The second half of the book covers the actual Hakone ekiden. At first I thought 250 pages devoted just to the two days of the race would get tiresome, but Miura uses this as a chance to delve into the background of each of the 10 residents as they run their segment of the race. The course follows part of the old Tokaido road from Tokyo into the mountains to Hakone and then back again the next day. This means that each section is different, challenging the runners in different ways. For example, the first section is flat, but so closely watched by TV crews and crowds of supporters gathered at the starting line that the runner must be able to withstand the psychological pressure. The fifth section is the most intense as runners climb a steep mountain, but the sixth section is mentally challenging as it is primarily downhill and runners must pace themselves. The tenth section is almost flat, but the strong winds blowing between the city skyscrapers often create challenges for runners. Miura tells us in exhaustive (but fascinating) detail how each runner tackles the segment Haiji assigned to them, with flashbacks that add to their back stories and make it clear why Haiji made that choice.
The Way of the Runner by Adharanand Finn (Pegasus Books, 2016) is the perfect accompaniment to The Wind Blows Hard. Finn brought his family to Japan for about a year so that he could explore the story behind statistics showing that Japan has some of the best runners in the world. For example, in 2013, the hundred fastest marathon runners were all from Africa, with the exception of six, and five of these were Japanese. In the same year, no British runner completed a marathon in less than 2 hours and 15 minutes. In the US, 12 men ran under that time, but in Japan, with half the population of the US, 52 Japanese men ran a marathon in under 2:15.
Despite these impressive undergraduate records, by the age of 25 there are few top athletes in Japan and their times are less impressive. Finn attributes this to over-training at an early age, with coaches emphasizing short-term results. He concludes by noting that Japan’s “inward-facing running culture” and its focus on ekiden also limits the success of Japanese runners in international races. Japanese women, who do not face the same pressure as men in ekiden, are more competitive in Olympic marathons because they and their coaches focus more on competing internationally than at home.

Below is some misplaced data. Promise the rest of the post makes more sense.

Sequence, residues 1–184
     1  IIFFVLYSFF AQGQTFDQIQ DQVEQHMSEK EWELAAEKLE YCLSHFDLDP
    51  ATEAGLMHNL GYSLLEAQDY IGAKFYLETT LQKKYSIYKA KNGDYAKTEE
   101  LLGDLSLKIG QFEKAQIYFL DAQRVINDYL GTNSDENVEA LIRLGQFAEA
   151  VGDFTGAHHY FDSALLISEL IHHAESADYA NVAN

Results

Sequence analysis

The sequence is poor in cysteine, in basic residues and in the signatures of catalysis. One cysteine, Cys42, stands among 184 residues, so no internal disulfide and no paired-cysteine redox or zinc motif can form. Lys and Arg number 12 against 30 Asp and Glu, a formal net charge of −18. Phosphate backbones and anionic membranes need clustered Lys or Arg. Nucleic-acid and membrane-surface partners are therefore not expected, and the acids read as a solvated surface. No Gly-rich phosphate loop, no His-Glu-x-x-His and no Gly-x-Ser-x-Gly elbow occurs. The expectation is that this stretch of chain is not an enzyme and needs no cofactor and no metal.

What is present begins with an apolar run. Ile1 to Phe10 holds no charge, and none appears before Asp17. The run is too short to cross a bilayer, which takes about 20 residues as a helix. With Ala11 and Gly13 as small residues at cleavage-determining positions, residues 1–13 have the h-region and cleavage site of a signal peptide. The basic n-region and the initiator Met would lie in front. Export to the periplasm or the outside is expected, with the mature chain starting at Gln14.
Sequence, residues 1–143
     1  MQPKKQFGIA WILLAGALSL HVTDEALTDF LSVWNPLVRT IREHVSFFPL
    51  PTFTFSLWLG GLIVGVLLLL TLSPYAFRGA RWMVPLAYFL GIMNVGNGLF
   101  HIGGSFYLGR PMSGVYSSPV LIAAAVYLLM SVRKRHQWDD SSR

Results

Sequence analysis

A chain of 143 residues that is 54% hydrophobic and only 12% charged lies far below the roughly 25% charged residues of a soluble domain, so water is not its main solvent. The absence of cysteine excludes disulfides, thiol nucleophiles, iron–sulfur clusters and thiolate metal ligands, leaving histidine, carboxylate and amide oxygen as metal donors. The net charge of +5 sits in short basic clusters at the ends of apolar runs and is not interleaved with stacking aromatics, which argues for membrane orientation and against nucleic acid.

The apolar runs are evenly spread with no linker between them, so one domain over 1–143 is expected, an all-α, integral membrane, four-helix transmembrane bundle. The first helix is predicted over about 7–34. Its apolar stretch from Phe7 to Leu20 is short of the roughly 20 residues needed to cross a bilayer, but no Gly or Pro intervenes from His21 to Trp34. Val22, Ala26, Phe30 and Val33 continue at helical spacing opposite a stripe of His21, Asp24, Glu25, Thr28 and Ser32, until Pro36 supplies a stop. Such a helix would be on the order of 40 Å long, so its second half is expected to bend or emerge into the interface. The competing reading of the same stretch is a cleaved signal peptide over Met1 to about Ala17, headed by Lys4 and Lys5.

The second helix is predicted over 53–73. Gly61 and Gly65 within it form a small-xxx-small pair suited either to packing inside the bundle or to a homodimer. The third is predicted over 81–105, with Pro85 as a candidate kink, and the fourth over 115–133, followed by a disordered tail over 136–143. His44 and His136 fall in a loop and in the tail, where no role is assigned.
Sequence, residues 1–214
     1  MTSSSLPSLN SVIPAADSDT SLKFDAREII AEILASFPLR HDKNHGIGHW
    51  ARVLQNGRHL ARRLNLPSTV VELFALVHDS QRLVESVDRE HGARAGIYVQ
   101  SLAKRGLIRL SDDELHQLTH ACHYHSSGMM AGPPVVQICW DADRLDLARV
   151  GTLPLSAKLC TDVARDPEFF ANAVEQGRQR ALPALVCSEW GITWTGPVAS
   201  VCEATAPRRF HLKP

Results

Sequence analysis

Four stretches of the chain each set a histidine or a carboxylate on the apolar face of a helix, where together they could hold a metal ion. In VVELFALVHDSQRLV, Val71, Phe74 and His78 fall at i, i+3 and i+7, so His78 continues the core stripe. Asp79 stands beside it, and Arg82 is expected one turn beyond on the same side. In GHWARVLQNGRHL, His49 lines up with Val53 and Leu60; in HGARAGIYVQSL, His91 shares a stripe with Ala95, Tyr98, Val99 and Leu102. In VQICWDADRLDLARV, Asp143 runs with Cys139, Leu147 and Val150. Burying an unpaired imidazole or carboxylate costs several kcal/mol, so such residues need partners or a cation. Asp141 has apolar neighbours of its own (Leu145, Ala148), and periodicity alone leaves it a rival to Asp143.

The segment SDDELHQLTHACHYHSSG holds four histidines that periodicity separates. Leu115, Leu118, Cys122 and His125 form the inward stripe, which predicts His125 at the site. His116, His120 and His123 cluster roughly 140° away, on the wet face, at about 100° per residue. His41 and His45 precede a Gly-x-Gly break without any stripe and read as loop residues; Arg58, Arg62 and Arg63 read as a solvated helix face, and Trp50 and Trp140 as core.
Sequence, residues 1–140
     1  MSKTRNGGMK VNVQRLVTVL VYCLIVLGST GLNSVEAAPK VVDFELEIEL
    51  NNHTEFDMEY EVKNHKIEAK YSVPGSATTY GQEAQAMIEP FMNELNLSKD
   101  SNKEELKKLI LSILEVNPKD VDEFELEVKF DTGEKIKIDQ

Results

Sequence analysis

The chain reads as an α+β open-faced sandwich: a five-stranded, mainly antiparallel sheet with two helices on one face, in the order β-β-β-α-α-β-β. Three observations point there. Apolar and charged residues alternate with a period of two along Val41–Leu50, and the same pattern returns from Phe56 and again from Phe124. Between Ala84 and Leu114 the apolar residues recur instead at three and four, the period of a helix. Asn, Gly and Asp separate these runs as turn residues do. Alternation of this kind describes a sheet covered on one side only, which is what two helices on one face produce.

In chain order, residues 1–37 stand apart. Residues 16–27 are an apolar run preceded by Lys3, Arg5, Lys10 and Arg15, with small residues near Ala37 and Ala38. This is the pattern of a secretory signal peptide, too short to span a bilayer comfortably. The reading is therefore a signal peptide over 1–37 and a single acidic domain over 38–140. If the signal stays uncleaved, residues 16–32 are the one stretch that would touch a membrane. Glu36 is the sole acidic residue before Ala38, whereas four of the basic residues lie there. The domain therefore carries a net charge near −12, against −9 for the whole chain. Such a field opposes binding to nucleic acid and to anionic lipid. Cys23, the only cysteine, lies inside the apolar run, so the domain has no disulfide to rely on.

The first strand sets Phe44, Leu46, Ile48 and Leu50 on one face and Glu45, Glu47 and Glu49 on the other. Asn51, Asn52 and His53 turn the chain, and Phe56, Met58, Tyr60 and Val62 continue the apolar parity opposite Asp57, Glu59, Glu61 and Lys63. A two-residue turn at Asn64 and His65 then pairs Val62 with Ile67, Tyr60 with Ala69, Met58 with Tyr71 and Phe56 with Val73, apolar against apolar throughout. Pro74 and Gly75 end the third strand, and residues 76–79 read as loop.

Finn is also fascinated by the marathon monks of Mt. Hiei, Tendai Buddhists who use running as a means of reaching spiritual enlightenment and as a form of meditation. They run the equivalent of a thousand marathons in a thousand days spread over a seven-year period. The monks even carry a rope and knife so that they can take their own lives should they fail to complete the challenge. This trial is so intense (they fast throughout the fifth year) that it is often called a living funeral.
Finn, who is an avid runner himself, describes running in a way that applies equally to these monks and Miura’s characters: “I often think to myself, just before a race, that I’m about to head down into my well. Down there it is dark, difficult, perhaps even a little bit scary, but it is pure sensation, brute simplicity. Down there, with everything else stripped away, life, the core of life, the breath itself, fills you entirely.”
I think this is what makes Shion Miura’s novel so fascinating—she uses the Hakone ekiden as a literary device that allows her to strip away everything extraneous and get to the core of her characters. As these 10 men run their section of the ekiden, we get to witness these internal struggles, which are far more dramatic than anything bystanders will see as they watch the race. And yes, I even started running again.